The much ballyhooed trading app Robinhood, a startup with an $8.3 billion valuation, has had runaway success, leapfrogging over major market players Charles Schwab, TD Ameritrade, Fidelity, and E*Trade, since its launch in 2013.
But the June 2020 suicide of 20-year-old Alex Kearns is a tragic reminder that investing is not for the inexperienced, particularly when complex and risky financial products such as options, margin loans and cryptocurrency are involved. Before stepping in front of a speeding train, the anguished young man wrote to his family that he had “no clue about what I was doing” and had never intended to “take this much risk.” The story holds a dual tragedy: Kearns’s account held over $16,000 at the time of his death, but he thought his balance was negative $730,000 because of an incomplete trade.
Business reporters can help young investors avoid Kearns’s fate by looking into one or more of these stories:
The growth of retail trading
While the coronavirus pandemic has otherwise wreaked financial havoc, retail trading and offerings from online brokerages drew more investors to the market during the coronavirus pandemic, particularly new investors drawn to lower brokerage fees and account minimums. But Robinhood one-upped the competition by charging no trading fees or account minimums. In the recent quarter, Robinhood reaped four to 15 times more than Charles Schwab’s customers. How? Wall Street pays traders every time customers trade, known as “payment for order flow” (PFOF) —and Robinhood’s customers trade much more frequently. “Something seems to be heating up,” says research company Alphacution in noting the 42.3 percent increase in aggregate PFOFs in 2018.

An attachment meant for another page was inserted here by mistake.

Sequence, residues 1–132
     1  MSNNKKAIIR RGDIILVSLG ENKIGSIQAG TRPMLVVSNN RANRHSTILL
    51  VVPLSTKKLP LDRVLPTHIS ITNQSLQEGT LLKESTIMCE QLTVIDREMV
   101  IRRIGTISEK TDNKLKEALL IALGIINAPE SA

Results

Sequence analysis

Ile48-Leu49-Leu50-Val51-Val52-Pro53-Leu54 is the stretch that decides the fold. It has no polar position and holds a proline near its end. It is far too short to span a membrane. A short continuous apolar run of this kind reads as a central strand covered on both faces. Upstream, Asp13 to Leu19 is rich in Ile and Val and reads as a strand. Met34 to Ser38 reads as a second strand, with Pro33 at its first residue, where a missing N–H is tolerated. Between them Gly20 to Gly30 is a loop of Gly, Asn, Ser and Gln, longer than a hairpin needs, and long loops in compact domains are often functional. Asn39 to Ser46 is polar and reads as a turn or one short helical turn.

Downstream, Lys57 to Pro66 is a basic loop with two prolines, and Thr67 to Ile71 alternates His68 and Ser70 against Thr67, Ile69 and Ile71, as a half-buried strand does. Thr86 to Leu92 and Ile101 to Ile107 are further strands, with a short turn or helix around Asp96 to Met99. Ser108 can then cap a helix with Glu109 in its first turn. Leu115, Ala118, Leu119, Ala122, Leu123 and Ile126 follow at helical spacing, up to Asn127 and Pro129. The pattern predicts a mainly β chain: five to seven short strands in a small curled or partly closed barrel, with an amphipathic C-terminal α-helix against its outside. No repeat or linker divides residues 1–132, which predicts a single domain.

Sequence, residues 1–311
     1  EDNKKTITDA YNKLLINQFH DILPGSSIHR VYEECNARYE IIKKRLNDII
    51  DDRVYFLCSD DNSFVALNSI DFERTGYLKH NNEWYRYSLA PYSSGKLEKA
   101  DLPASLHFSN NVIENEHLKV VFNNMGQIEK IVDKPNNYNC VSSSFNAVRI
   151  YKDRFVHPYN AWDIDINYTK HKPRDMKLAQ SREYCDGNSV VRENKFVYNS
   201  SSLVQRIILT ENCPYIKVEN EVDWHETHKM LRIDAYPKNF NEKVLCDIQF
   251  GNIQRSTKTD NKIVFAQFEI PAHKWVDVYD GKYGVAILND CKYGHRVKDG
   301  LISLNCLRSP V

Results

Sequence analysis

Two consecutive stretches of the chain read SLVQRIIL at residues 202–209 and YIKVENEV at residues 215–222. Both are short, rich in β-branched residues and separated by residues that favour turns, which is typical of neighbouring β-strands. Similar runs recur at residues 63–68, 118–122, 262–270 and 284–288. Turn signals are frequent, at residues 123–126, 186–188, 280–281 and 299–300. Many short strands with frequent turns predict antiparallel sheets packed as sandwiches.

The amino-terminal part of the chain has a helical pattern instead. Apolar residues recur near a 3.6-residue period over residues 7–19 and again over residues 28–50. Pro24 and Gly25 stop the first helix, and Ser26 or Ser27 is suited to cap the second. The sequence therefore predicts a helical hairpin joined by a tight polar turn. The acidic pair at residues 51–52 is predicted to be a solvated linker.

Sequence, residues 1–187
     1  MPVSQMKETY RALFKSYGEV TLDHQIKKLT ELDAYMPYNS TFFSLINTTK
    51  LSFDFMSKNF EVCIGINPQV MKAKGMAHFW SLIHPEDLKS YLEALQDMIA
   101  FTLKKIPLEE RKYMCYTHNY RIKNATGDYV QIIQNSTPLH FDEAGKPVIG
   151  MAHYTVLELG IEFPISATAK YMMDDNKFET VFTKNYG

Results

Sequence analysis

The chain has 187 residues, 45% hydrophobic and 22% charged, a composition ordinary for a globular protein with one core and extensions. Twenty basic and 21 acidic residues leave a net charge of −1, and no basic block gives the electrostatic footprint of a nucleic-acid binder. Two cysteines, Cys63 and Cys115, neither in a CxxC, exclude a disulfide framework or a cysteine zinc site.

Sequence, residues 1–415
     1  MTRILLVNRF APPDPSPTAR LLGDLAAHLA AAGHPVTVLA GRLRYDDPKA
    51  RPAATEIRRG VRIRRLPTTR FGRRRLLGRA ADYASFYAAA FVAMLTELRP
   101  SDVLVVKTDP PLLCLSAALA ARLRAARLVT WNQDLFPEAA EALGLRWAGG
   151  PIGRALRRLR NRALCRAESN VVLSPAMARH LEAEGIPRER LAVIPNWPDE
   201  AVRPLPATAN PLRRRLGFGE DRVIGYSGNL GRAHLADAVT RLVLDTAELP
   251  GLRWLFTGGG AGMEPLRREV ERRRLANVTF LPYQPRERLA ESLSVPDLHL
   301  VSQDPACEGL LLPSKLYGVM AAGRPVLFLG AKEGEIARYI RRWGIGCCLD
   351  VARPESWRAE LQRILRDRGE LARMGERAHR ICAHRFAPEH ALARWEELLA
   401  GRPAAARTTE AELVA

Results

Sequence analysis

Investing isn’t a video game
One-click trading, quick access to complex investments, and phone messages showered with confetti and emojiis made trading on Robinhood seem like a game. But losing real money by borrowing money on margin loans is serious business, warns investor.gov, a website of the Securities & Exchange Commission (SEC). One gamer dubbed the phenomenon “the gamification of trading.” Good sources to interview here are Scott Smith, who tracks brokerage firms for financial consulting firm Cerulli, and a behavioral economist.
The guardrails of investing
Go on social media and find several Robinhood customers to interview about their experience investing on the app; you’ll find several on YouTube. Then develop a primer on “Beginning Investing” for new investors.
New investors don’t think about risk, but the biggest challenge for beginners may be the discipline to buy and hold for the long term, says the Financial Industry Regulatory Authority, or FINRA, and that requires patience and careful decision-making.